Because the celebration of the Divine Eucharist introduces us to the "Final Day" (eschata), the Lord's Day is also known as the "Eighth Day," i.e., the day which will have "no need of sun or moon to shine upon it, for the glory of God is its light and its lamp is the Lamb" (Revelation 21:23). The "eighth day" is a term which indicates the final age, when the New Creation, already begun by the Resurrection of Christ, will be fulfilled and completed; when the new world will be ushered in by the General Resurrection.

There is evidence, too, that the Primitive (Early) Church set aside other days of the week for special consideration. Saturday (Sabbath) was regarded as the memorial of the creation narrative: "So God blessed the seventh day and hallowed it, because on it God rested from all His work which He had done in creation" (Genesis 2:3). In the liturgical tradition of the Church Saturday continues to be a festival. It recounts the creative act of God, Who brought all things into being out of nothing and reminds us of the opportunity we have to share in God's perpetual Sabbath, i.e., His creative life. Hence, the Church never fasts on a Saturday, except on the one Great and Holy Sabbath (Saturday), when the Church annually commemorates The burial of God in the flesh.

From the Apostolic times the Church observed Wednesday and Friday as fast days. From an early date, the Wednesday fast was connected with the betrayal of Christ by Judas, while the Friday fast was connected with the death of the Lord on the Cross. Both events manifest the terrible darkness and evil of this world, and the tragic and dreadful circumstance of human sin and apostasy. Monday (Deftera hemera or Second day) is dedicated to the Angels. Tuesday (Trite hemera or Third day) is dedicated to the Holy Apostles and to Saint Nicholas, who stands as a model for all the great hierarchs, the successors of the Holy Apostles and the Teachers of the Church. On Saturday, the Church commemorates the Holy Martyrs, the Ascetics, and all those who have fallen asleep in the hope of the resurrection.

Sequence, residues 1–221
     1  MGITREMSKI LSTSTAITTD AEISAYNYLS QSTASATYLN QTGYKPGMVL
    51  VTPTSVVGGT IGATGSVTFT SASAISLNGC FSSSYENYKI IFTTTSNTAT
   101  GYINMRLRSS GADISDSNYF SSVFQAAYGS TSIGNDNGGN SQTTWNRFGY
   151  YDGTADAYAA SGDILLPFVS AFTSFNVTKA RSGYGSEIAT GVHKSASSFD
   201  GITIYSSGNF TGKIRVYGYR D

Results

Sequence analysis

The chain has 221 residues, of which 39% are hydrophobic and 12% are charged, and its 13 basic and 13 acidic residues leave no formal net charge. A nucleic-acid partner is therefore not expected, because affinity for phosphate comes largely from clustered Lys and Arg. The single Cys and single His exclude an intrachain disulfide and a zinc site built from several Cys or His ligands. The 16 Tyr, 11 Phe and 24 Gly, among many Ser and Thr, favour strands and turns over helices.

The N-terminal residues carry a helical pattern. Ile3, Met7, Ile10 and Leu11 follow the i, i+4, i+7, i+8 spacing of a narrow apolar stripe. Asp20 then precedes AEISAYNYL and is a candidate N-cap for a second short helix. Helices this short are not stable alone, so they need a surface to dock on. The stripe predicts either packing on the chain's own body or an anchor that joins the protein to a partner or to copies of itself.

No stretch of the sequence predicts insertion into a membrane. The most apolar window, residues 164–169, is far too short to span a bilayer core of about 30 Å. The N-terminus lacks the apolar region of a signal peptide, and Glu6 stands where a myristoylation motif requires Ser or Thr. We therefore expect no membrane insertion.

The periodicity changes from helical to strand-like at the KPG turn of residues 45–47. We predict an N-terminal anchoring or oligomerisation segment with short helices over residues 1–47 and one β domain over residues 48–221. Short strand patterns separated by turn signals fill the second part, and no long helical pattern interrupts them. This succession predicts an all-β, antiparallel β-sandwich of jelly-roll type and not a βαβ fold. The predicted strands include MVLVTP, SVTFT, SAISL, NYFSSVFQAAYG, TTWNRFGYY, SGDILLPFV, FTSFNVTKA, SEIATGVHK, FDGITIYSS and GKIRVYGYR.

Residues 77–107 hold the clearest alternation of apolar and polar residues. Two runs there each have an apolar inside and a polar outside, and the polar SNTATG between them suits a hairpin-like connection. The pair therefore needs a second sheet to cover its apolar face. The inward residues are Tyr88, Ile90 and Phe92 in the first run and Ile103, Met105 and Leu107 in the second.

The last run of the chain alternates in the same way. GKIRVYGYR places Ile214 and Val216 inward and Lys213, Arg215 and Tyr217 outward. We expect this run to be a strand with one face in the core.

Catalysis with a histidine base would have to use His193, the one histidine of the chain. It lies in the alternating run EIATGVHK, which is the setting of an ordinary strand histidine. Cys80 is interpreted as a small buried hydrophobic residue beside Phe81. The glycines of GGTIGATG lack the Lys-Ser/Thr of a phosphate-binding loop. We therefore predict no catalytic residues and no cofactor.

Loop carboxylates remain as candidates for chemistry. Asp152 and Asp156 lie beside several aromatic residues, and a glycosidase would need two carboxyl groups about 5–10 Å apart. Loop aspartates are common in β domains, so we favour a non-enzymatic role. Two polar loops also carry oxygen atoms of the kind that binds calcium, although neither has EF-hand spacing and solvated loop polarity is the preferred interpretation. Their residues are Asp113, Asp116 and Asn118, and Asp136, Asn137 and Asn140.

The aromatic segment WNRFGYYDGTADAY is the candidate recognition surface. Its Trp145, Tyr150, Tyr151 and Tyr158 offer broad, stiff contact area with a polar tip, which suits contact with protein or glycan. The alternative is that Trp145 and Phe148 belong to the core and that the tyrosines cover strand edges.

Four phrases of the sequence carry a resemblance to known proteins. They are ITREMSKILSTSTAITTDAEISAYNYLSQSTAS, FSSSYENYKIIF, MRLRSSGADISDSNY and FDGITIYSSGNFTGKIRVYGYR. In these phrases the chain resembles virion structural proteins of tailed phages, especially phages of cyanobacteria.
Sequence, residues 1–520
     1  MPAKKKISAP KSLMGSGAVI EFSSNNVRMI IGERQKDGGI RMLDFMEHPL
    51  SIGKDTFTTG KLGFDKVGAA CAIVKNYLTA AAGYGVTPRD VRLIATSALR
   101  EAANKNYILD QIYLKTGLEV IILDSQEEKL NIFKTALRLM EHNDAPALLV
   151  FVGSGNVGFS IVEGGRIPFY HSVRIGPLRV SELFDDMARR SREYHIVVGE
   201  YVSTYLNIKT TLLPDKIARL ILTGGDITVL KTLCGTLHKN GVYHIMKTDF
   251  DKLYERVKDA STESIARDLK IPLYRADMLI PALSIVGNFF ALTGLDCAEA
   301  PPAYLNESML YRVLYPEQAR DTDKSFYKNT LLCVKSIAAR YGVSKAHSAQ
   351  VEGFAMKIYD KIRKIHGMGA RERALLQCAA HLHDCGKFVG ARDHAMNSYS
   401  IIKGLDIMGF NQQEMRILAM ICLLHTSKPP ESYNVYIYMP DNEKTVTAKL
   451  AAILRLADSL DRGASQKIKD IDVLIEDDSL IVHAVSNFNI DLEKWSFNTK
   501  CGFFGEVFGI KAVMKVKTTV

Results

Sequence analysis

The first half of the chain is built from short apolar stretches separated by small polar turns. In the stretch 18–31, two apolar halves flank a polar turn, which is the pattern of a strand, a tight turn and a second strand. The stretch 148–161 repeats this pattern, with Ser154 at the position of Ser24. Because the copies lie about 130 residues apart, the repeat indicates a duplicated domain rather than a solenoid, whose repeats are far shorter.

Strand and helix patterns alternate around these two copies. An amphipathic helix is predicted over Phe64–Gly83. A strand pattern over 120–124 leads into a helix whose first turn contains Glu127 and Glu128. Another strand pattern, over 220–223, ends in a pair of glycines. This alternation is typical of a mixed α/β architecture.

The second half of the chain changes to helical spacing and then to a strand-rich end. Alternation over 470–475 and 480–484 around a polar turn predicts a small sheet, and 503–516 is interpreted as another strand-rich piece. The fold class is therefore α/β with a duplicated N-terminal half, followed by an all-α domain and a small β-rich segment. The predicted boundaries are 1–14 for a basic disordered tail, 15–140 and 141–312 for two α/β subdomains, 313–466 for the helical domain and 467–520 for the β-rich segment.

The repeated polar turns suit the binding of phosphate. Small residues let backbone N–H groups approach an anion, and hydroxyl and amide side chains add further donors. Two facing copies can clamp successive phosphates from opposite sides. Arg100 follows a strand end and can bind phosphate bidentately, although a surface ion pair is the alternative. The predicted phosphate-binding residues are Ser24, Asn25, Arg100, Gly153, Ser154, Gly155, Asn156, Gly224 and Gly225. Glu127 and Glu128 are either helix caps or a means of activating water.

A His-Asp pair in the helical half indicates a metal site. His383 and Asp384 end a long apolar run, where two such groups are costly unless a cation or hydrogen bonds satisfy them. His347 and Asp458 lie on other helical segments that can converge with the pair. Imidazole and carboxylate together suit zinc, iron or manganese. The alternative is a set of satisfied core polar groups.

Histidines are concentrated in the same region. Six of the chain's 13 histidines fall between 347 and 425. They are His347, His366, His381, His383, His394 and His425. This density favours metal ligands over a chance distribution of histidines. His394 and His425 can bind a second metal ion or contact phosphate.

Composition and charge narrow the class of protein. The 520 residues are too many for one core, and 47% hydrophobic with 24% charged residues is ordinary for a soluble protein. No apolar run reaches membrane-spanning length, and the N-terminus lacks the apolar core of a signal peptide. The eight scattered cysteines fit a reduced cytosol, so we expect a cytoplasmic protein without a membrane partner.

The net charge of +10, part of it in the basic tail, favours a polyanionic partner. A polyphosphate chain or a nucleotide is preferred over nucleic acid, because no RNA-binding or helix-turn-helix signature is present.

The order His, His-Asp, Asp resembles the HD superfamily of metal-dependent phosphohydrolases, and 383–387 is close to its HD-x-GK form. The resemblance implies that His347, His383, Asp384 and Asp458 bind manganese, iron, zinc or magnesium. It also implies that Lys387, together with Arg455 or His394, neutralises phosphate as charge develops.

On Wednesday and Friday the Church brings into special focus the combined mystery of the Cross and the Person of the Ever-Virgin Mary, the Theotokos (Mother of God). Both days proclaim two things: 

1. The immeasurable love of God, "Who so loved the world that He gave His Only-Begotten Son" (St. John 3:16) and

2. The only possible, saving human response to this love through the free, humble and joyous acceptance of his will and purpose: "Behold, let it be done to me according to your word" (St. Luke 1:38; cf. St. Mark 14:36; see also Phil. 2:8).

In actuality, these "optional" services are important for us as Orthodox Christians. Attending these divine services helps us to live in an atmosphere of grace, or as Saint Paul says, to live in Christ. Instead of living as if we have two distinct lives -- "religious life" while all other activities belong to regular "real" life.  

The Liturgical Worship of our Church is not a magic pill. We must live in a way that opens us to the grace that is available there and then incorporate it into all of life. Our life outside the church service should become a liturgy, an offering of praise and a means of communion with God. (Source: Orthodox Worship by Father Alciviadis C. Calivas )

All the divine services are offered for the edification and inspiration of all of our Christian believers and not just for the priest. No Orthodox Christian church can exist without providing divine daily services to its members. No Orthodox church can function without the divine services and the Mysteries (Sacraments) of the Church.


"Glory Be To GOD For All Things!" - Saint John Chrysostomos 


With sincere agape in His Holy Diakonia (Ministry),
The sinner and unworthy servant of God

+Father George